Father appealed termination of his parental rights based upon his incarceration. The Fourth District Court of Appeal (Fourth DCA) reversed as to two of his three children, finding as to those children that termination was not supported by competent substantial evidence, that termination was not in the children’s manifest best interest or that termination was not the least restrictive means to protect the children from harm.
Father was incarcerated a month prior to the children being removed from their mother with an anticipated release in 2017 or 2018. Two of his three children were placed with their paternal aunt. Father maintained consistent contact with them in the form of weekly letters, two to three phone calls per week, and several contact visits at the prison. Paternal aunt testified at the termination trial that the children were excited when Father called, called him “daddy” and had a bond with their father. She testified that she was willing to be a permanent guardian for the children but uncertain about the long-term commitment of adoption.
As with the previous summarized case, the Fourth DCA cited to B.C. v. Florida Department of Children and Families, 887 So. 2d 1046, 1054 (Fla. 2004), which held that a determination terminating parental rights “cannot rest exclusively on the length of incarceration. The actual effect of incarceration on the parent-child relationship must also be considered in light of the additional statutory and constitutional requirements.” The Fourth DCA explained that this analysis must be both quantitative and qualitative.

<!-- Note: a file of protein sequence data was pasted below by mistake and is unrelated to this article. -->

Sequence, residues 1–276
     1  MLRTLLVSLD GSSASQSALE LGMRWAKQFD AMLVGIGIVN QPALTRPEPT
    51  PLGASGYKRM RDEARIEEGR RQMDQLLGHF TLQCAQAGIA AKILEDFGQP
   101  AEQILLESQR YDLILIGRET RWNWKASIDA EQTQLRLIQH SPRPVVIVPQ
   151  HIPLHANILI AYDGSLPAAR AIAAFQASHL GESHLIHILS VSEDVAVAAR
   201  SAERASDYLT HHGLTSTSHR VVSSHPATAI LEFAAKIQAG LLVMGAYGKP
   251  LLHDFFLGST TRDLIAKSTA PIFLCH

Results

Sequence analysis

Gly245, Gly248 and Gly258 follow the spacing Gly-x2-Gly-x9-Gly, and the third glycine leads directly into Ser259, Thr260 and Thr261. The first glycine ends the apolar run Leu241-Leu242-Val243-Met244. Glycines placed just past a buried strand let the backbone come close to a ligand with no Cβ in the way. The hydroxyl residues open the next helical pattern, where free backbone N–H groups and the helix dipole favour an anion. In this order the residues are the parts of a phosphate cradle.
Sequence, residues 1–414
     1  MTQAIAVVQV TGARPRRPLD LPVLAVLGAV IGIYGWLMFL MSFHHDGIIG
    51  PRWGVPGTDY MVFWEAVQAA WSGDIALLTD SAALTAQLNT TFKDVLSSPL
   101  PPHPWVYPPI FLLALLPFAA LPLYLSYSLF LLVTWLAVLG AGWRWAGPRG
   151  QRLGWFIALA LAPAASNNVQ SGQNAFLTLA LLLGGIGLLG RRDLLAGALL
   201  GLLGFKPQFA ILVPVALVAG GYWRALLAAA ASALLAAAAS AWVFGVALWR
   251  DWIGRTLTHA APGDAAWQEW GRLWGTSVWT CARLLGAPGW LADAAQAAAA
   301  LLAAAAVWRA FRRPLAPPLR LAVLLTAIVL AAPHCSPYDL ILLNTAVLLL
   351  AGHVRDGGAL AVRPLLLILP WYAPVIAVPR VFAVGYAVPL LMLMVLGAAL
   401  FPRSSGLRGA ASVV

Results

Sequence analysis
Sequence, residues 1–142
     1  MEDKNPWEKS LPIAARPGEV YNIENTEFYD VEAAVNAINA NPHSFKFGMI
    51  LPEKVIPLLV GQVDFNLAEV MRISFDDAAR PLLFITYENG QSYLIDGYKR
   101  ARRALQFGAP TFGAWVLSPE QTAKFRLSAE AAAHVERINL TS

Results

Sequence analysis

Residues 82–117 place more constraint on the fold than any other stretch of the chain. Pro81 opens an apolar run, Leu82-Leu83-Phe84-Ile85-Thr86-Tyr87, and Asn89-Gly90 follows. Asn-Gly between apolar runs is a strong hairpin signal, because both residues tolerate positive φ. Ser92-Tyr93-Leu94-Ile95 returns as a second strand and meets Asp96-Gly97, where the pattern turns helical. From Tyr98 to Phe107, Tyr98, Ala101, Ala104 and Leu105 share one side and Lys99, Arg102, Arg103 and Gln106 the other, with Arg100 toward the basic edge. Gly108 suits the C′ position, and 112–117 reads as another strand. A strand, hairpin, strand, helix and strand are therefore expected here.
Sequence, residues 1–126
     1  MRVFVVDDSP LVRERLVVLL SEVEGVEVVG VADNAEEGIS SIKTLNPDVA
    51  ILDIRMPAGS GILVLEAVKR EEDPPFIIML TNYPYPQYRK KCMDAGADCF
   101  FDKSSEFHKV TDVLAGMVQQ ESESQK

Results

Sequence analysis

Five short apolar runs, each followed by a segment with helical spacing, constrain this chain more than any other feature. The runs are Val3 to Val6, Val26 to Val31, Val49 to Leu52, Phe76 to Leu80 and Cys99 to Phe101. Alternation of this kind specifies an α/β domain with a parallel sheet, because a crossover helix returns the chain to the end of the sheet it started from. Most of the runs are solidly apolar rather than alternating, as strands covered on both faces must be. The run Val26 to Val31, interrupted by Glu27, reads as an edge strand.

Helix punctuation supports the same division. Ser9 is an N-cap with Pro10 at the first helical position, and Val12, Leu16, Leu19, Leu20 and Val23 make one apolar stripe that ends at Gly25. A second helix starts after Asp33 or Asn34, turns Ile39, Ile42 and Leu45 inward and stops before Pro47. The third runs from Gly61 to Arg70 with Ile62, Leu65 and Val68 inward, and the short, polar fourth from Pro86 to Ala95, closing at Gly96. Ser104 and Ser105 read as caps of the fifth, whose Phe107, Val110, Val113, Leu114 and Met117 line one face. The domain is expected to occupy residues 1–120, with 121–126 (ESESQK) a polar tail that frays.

In the instant case, Father’s incarceration amounted to 27%-33% of the children’s lives, an amount that was not a substantial portion of the children’s minorities according to the Supreme Court in B.C. The children were in a stable home with relatives, maintained contact with their father and would maintain contact with the relatives if ultimately reunified with Father upon his release. There was no evidence presented of any harm to the children if they waited until Father’s release to be reunified. The Fourth DCA found the fact that the aunt had not made a decision about adoption an important factor.
Finally, the trial court failed to apply the manifest best interest factors with an appreciation of the restrictions of incarceration as instructed by B.C. and failed to prove that termination was the least restrictive means to prevent harm. The Fourth DCA repeated that no evidence was presented at trial that there would be any harm to the children if father’s rights were not terminated.